Glacier Point Oysters by the dozen


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Product Description

  • Size: Small (2 inches)
  • Temperature History: held at 37 degrees F
  • Delivery Presentation: live in shell
  • Taste: high salinity, vegetal sweetness, soft minerality on the finish
  • Texture: plump and resilient
  • Origin: Kenai Peninsula, Alaska
  • Aquaculture Method: suspended tray culture, tumbled
  • Availability: October - June
  • Sustainability Rating: Best Choice Monterey Bay Aquarium Seafood Watch
  • Recommended Preparation: live/raw on the half-shell with mignonette or lemon
  • Pack Size: by the dozen
  • Nutritional Info (serving size 1/2 dozen)  Calories 81, Fat 2.8g, Cholesterol 50mg, Sodium 128mg, Carbohydrates 4g, Fiber, 0g, Sugars 0g, Protein 8g, Selenium 70mcg, Iron 9mg, Vitamin B12 25mcg, Zinc 45mg, Manganese .8mg, Vitamin D 0 UI, Omega 3's ~ 750mg

The Glacier Point oyster is cultivated in trays or lantern that are suspended off of the bottom, and tumbled periodically in order to get the desired shell shape and depth. The waters around Kackemak Bay are glacier fed and the the array of nutrients and minerals available for the oyster to feed on is vast. These glacier fed, cold-water beauties don't spawn as a result of the low water temperatures, are slow growing, and take about 4 years to develop into the appropriate size. The Glacier Point oyster starts off with a very briny explosion, transitions into a clean cucumber taste, and then finishes with a sweet honeydew and minerally crispness. The meat is ivory in color and the texture is resilient, and plump.

Oyster Facts

  1. Oysters are good for you and high in Iron, Selenium, Zinc, and B12
  2. There are 5 main species of Oyster that we eat in the US:  the Atlantic, Olympia, Pacific, Kumamoto, and European Flats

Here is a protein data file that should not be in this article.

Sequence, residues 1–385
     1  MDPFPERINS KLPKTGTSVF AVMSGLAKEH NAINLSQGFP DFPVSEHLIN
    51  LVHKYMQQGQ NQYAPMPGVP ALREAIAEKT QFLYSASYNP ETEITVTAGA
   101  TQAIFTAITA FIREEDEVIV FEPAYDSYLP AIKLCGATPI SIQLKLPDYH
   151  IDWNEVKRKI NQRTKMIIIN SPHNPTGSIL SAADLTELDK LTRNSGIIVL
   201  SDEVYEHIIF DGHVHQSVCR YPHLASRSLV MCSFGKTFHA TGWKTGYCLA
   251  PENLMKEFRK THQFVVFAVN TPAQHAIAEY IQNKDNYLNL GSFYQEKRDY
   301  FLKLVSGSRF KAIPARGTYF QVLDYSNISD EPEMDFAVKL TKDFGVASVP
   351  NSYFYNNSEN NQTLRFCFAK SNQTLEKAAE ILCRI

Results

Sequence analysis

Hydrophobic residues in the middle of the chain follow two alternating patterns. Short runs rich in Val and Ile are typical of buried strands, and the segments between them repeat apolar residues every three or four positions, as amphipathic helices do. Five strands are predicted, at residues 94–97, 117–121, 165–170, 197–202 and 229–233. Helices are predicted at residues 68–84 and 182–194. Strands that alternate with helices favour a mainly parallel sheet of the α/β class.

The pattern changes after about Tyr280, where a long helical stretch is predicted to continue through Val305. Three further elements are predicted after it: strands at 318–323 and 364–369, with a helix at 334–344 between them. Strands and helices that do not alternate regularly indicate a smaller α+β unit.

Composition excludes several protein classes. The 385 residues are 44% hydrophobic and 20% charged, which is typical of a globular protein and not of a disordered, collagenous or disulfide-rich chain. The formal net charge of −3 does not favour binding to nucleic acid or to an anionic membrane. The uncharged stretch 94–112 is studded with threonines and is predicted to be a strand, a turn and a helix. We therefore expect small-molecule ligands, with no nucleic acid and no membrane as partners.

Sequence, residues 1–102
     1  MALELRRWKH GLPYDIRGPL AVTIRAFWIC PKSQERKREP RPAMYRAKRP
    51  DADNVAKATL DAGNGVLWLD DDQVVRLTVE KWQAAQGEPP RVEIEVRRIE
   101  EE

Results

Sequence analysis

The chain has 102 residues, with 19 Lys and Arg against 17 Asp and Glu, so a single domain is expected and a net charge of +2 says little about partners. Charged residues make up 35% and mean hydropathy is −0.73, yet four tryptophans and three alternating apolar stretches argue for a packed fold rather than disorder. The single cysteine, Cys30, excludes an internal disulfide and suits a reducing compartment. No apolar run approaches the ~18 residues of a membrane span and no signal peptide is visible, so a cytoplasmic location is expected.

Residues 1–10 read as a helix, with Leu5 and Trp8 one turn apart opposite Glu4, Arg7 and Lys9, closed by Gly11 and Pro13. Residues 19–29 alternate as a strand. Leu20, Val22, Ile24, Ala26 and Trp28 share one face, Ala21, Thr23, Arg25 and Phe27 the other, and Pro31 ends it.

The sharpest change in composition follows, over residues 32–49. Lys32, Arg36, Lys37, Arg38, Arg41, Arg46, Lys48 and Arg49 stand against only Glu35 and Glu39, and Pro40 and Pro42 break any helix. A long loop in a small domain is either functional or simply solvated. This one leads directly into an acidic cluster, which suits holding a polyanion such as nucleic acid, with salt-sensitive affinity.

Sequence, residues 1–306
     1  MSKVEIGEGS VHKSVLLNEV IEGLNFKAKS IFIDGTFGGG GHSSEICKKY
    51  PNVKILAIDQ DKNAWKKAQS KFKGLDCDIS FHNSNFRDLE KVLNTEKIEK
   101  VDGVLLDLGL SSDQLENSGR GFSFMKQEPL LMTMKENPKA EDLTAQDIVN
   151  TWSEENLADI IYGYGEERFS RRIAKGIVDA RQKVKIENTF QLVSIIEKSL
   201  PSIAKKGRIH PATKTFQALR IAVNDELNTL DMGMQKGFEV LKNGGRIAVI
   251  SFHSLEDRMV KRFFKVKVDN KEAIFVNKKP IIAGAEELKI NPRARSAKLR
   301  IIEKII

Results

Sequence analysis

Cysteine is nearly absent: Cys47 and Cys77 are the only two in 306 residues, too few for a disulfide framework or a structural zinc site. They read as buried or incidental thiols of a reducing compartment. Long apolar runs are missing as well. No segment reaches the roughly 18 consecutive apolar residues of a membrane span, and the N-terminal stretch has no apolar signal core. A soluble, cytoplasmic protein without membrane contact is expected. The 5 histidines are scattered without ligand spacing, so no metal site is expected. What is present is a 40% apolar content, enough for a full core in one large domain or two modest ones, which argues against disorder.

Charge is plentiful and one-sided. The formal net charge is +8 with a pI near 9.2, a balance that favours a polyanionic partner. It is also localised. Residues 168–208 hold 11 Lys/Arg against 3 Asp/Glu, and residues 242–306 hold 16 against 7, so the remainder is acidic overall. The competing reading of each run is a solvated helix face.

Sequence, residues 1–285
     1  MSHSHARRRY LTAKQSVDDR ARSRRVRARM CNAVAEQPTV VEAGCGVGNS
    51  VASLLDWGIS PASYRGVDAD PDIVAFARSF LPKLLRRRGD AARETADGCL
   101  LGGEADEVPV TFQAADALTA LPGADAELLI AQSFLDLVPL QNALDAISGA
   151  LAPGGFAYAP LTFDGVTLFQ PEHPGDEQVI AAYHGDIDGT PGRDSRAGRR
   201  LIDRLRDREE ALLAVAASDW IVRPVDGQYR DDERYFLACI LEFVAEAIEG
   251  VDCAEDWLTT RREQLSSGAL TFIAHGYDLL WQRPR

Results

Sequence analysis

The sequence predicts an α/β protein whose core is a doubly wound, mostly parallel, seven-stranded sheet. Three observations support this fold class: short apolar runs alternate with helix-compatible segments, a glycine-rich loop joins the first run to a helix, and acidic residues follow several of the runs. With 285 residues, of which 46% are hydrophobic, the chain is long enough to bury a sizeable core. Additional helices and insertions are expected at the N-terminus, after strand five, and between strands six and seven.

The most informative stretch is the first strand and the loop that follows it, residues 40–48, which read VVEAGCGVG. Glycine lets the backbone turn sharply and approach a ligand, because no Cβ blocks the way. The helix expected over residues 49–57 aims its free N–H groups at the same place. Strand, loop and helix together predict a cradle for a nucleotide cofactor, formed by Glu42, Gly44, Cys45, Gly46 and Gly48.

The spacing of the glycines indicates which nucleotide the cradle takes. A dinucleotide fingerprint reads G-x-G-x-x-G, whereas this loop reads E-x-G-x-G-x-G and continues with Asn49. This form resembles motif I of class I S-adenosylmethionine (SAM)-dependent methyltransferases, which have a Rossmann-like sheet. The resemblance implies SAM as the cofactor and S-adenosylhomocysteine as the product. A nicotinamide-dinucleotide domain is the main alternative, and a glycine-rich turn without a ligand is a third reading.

3. Pacific oysters are sweet like cucumber with light salinity level; Atlantic oysters are more earthy and mollusk-like in flavor; Olympias and European Flats are briny with a metallic finish; Kumamotos are sweet and melon-like
  4. Fresh water will kill your oyster
  5. Live oysters should be well-hydrated and not dry. If they are dry, don't eat them; they are dead.
  6. When pairing with wine, try to match the salinity of the oyster to the acidity of the wine. Light, crisp white wines will usually pair nicely.
  7. To shuck, use an oyster knife and insert it into the knobby hinge of the oyster, twist the knife like turning a doorknob, slide the blade across the inside of the shell to cut the abductor muscle, and remove the pieces of broken shell and grit with the tip of the oyster knife. It's that simple.
  8. When describing the taste of oysters, try describing the tastes as they move from (1) the upfront level of salinity to (2), the body which is typically either earthy (i.e. mushroom-like), sweet and fruity (i.e. melon-like), or vegetable-like (cucumber), and to (3), the finish (lingering taste), which is either one or more of its minerality (i.e. copper), crispness,  sweetness, metallic-ness, ocean-like characteristics, and/or crispness.